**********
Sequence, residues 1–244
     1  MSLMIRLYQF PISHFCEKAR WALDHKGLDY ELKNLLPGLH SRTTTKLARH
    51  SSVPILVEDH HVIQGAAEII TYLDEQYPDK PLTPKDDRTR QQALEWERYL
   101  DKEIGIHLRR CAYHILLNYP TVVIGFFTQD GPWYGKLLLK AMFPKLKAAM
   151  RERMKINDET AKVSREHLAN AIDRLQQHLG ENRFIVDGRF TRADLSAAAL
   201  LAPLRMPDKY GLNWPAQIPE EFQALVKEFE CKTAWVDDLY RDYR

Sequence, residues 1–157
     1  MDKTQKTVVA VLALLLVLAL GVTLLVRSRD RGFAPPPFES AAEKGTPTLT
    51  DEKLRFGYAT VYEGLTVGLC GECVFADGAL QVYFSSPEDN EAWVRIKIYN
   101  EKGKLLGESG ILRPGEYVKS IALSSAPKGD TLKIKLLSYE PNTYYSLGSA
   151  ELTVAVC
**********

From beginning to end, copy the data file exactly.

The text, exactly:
Sequence, residues 1–244
     1  MSLMIRLYQF PISHFCEKAR WALDHKGLDY ELKNLLPGLH SRTTTKLARH
    51  SSVPILVEDH HVIQGAAEII TYLDEQYPDK PLTPKDDRTR QQALEWERYL
   101  DKEIGIHLRR CAYHILLNYP TVVIGFFTQD GPWYGKLLLK AMFPKLKAAM
   151  RERMKINDET AKVSREHLAN AIDRLQQHLG ENRFIVDGRF TRADLSAAAL
   201  LAPLRMPDKY GLNWPAQIPE EFQALVKEFE CKTAWVDDLY RDYR

Sequence, residues 1–157
     1  MDKTQKTVVA VLALLLVLAL GVTLLVRSRD RGFAPPPFES AAEKGTPTLT
    51  DEKLRFGYAT VYEGLTVGLC GECVFADGAL QVYFSSPEDN EAWVRIKIYN
   101  EKGKLLGESG ILRPGEYVKS IALSSAPKGD TLKIKLLSYE PNTYYSLGSA
   151  ELTVAVC